Table_1_The Negative Interactive Effects of Nostalgia and Loneliness on Affect in Daily Life.docx (23.94 kB)
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Table_1_The Negative Interactive Effects of Nostalgia and Loneliness on Affect in Daily Life.docx

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posted on 02.09.2020, 05:18 by David B. Newman, Matthew E. Sachs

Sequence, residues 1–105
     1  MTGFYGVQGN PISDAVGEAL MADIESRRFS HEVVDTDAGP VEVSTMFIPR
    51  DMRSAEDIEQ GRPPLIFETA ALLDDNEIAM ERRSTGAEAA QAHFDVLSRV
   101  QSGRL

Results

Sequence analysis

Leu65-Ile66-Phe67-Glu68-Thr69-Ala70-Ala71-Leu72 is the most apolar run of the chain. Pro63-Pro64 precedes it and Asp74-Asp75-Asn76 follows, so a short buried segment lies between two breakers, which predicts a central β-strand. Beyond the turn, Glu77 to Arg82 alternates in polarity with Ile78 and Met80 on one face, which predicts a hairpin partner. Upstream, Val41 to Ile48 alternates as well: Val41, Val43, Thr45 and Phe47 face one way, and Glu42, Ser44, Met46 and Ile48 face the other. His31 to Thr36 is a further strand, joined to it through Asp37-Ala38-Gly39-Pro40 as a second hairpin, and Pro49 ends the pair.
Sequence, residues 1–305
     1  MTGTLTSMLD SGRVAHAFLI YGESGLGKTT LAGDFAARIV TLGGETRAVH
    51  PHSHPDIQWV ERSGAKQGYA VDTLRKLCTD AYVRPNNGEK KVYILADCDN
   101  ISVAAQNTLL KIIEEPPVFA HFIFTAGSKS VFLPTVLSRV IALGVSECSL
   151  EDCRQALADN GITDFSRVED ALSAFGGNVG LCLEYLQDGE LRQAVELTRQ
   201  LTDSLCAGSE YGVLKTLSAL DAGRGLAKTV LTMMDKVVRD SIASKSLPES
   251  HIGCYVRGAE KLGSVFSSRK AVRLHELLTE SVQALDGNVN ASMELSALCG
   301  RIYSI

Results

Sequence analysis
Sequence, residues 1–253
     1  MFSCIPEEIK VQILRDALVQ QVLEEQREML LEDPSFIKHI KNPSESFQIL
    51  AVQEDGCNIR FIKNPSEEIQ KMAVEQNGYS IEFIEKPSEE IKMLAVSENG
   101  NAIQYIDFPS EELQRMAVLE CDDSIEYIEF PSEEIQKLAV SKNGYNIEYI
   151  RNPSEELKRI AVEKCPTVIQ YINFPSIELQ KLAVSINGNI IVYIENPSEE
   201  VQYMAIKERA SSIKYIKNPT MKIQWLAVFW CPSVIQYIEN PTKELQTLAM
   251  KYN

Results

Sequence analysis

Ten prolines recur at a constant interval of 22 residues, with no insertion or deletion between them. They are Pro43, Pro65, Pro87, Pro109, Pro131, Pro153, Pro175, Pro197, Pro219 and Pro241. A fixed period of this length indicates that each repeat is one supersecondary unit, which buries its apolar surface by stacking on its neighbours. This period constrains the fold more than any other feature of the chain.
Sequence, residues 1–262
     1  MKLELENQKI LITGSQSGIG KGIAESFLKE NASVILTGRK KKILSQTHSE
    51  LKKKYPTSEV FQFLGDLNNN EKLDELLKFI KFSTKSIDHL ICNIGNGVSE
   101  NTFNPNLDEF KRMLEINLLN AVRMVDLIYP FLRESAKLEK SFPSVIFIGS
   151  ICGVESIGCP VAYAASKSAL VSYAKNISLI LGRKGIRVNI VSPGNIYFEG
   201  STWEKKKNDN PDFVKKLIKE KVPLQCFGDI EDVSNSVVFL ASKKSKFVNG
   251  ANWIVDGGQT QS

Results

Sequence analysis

Research has suggested that nostalgia is a mixed, albeit predominantly positive emotion. One proposed function of nostalgia is to attenuate the negative consequences of loneliness. This restorative effect of nostalgia, however, has been demonstrated with cross sectional and experimental methods that lack ecological validity. In studies that have measured nostalgia in daily life, however, nostalgia has been negatively related to well-being. We propose an alternative theory that posits that the effect of nostalgia on well-being depends on the event or experience that elicits nostalgia. We tested this theory by measuring daily states of nostalgia, loneliness, and affect across five daily diary studies (N = 504; 6,004 daily reports) that lasted for 14 days. Using multilevel modeling, we found that nostalgia and loneliness were negatively related to positive affect and positively related to negative affect. The negative effects of nostalgia on affective well-being were significantly stronger on days when people felt more lonely as opposed to less lonely. Viewed alternatively, the negative effects of loneliness on affective well-being were stronger on days when people felt more vs. less nostalgic. Thus, in contrast to experimental findings, nostalgia did not attenuate, but rather exaggerated the negative effects of loneliness on affective well-being. These findings support a theoretical account that proposes that the effect of nostalgia on well-being depends on the natural context in which nostalgia is elicited.

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